TLC Staff Awards Presented

Teaching, Learning and Communication (TLC) Staff Awards were presented at the retirement and service awards luncheon held Tuesday, April 19. The following recipients were recognized for their work on three campus projects (pictured left to right): Gerry Ely (Learning Resources); Gerri Daniels (Admissions); and Tony Bertucci, Jan Crawford and Karl Mulder (all of AdIT).

Ely was honored for classroom/lab teaching support. In 1998, he developed a system to allow an IBM ThinkPad computer to be quickly connected to a video projector and networking cables using a computer monitor support arm. The design of the docking stations has evolved over the years, but the basic concept has stayed the same. Ely has researched, experimented, designed, built, installed and modified docking stations throughout campus, saving NMU thousands of dollars while filling a need of faculty to utilize technology to improve teaching methods across campus.

Mulder and Crawford received the TLC award for online course evaluations. Mulder has developed a way to allow all students in any course, online or in-person, to evaluate the course through the Web. Crawford has worked to promote the system. While still in the implementation stage, the system addresses the need to conduct course evaluations for Web-based courses and convert from a legacy system of bubble sheets to a Web format. The project improves the student feedback mechanism and access to the evaluations. It also has the potential to save time and money, especially in relieving the manual workload of departmental clerical employees.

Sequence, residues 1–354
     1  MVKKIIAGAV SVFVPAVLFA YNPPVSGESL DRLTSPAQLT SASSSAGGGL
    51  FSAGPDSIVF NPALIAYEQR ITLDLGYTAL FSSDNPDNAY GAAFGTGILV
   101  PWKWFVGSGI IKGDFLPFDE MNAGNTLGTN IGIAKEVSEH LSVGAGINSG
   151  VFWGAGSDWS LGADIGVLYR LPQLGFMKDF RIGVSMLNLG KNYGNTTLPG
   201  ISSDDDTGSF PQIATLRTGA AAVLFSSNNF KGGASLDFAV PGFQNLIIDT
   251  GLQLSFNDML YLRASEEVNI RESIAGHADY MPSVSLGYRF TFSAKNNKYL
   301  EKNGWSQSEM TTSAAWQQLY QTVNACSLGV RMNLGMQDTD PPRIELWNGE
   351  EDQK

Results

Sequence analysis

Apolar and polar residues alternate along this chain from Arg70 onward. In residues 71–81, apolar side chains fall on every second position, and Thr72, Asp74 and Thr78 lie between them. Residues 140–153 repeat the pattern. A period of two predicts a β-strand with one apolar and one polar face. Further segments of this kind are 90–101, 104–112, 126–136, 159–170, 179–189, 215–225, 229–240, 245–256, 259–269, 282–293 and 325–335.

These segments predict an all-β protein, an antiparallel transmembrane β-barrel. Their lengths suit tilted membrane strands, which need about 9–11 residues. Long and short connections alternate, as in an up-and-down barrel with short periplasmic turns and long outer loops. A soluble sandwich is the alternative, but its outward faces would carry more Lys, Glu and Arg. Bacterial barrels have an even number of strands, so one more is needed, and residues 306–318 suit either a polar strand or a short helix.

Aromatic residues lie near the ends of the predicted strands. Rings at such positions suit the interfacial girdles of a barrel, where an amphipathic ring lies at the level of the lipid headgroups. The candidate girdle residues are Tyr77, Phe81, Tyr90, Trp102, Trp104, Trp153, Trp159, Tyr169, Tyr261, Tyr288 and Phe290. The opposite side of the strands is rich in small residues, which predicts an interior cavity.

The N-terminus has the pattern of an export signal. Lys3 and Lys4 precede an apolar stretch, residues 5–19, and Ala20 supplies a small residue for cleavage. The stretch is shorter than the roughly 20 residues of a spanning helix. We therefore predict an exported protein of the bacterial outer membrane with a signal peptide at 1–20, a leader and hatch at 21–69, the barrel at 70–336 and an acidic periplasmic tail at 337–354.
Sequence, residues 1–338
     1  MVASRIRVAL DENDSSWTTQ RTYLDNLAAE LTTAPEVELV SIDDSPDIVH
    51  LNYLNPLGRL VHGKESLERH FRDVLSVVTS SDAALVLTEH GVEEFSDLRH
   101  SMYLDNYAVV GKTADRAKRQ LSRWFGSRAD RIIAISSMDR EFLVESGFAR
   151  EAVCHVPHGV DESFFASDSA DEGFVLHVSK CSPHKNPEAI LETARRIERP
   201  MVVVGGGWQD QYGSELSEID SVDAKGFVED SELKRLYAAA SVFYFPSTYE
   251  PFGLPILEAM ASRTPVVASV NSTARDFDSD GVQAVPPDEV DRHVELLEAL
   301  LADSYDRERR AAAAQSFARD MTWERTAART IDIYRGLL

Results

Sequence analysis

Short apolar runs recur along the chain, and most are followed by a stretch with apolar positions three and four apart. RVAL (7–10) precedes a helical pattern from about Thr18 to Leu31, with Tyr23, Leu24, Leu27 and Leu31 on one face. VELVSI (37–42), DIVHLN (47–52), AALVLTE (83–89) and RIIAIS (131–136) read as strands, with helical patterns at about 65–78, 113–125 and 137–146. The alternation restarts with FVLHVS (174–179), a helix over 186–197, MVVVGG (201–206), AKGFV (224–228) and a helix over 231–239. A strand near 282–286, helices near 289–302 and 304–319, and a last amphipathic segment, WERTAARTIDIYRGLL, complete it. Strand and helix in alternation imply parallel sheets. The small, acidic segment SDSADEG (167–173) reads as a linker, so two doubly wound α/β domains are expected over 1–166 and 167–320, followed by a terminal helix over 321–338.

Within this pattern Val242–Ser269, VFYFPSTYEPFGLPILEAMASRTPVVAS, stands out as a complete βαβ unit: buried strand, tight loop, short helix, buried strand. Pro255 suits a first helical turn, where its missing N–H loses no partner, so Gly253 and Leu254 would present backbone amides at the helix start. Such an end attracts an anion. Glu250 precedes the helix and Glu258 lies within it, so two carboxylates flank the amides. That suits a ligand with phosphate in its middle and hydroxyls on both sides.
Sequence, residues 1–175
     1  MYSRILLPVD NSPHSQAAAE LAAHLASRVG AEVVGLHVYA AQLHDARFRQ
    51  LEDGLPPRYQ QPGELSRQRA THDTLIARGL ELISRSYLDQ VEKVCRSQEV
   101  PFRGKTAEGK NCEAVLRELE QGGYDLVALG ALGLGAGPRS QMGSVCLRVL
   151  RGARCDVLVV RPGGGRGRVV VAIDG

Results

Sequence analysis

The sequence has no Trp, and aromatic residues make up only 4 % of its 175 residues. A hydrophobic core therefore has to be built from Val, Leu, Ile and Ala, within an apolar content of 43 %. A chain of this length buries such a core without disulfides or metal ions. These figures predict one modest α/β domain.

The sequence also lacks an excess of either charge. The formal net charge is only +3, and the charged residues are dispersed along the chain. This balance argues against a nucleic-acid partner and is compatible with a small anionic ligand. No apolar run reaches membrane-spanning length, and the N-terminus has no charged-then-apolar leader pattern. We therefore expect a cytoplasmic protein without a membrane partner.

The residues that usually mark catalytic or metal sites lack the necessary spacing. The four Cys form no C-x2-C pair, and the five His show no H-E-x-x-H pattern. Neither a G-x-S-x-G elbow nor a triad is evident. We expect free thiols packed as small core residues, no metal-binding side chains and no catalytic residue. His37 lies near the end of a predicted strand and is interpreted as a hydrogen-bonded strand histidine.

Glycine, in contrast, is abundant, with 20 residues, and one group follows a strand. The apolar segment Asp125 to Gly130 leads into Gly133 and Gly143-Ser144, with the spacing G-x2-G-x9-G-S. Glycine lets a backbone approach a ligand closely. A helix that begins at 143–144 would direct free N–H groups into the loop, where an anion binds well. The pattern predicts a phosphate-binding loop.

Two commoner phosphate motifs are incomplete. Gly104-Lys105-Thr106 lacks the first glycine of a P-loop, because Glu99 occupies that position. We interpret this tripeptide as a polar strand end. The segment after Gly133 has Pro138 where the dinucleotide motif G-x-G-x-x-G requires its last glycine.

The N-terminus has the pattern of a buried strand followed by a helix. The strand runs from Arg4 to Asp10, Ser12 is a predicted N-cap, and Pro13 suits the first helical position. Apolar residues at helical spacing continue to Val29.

Bertucci and Daniels received the TLC award for the direct mail search process. In the past, the admissions office purchased files of name and contact information for potential students and sent them NMU materials through the mail. As recruitment efforts expanded into new markets, a way to reach more potential students without increasing costs was needed. Bertucci and Daniels developed a method to automate these processes and use e-mail when possible instead of paper mail. This allows the admissions office to send potential students information with embedding links rather than duplicating much of the information in paper form. The use of electronic information allows for the automatic populations of forms, reducing the need for staff to perform data entry. Without increasing the budget, this process has enabled the admissions office to more than quadruple its outreach to potential students.


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Updated: October 26, 2005

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